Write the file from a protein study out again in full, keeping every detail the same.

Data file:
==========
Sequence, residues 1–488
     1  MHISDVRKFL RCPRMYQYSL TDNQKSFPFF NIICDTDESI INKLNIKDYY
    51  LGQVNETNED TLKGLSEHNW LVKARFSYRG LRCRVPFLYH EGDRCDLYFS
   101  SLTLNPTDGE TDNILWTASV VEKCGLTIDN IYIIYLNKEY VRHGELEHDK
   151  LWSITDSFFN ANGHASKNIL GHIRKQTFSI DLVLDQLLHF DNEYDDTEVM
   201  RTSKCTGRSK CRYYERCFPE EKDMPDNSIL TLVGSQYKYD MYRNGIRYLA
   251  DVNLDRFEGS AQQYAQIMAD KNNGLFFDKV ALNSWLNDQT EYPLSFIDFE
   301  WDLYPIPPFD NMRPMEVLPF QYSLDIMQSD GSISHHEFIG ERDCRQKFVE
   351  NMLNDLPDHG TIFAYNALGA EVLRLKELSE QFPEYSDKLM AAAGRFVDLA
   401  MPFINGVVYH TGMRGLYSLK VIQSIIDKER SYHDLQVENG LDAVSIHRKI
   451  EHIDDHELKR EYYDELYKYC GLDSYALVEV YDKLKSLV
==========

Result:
Sequence, residues 1–488
     1  MHISDVRKFL RCPRMYQYSL TDNQKSFPFF NIICDTDESI INKLNIKDYY
    51  LGQVNETNED TLKGLSEHNW LVKARFSYRG LRCRVPFLYH EGDRCDLYFS
   101  SLTLNPTDGE TDNILWTASV VEKCGLTIDN IYIIYLNKEY VRHGELEHDK
   151  LWSITDSFFN ANGHASKNIL GHIRKQTFSI DLVLDQLLHF DNEYDDTEVM
   201  RTSKCTGRSK CRYYERCFPE EKDMPDNSIL TLVGSQYKYD MYRNGIRYLA
   251  DVNLDRFEGS AQQYAQIMAD KNNGLFFDKV ALNSWLNDQT EYPLSFIDFE
   301  WDLYPIPPFD NMRPMEVLPF QYSLDIMQSD GSISHHEFIG ERDCRQKFVE
   351  NMLNDLPDHG TIFAYNALGA EVLRLKELSE QFPEYSDKLM AAAGRFVDLA
   401  MPFINGVVYH TGMRGLYSLK VIQSIIDKER SYHDLQVENG LDAVSIHRKI
   451  EHIDDHELKR EYYDELYKYC GLDSYALVEV YDKLKSLV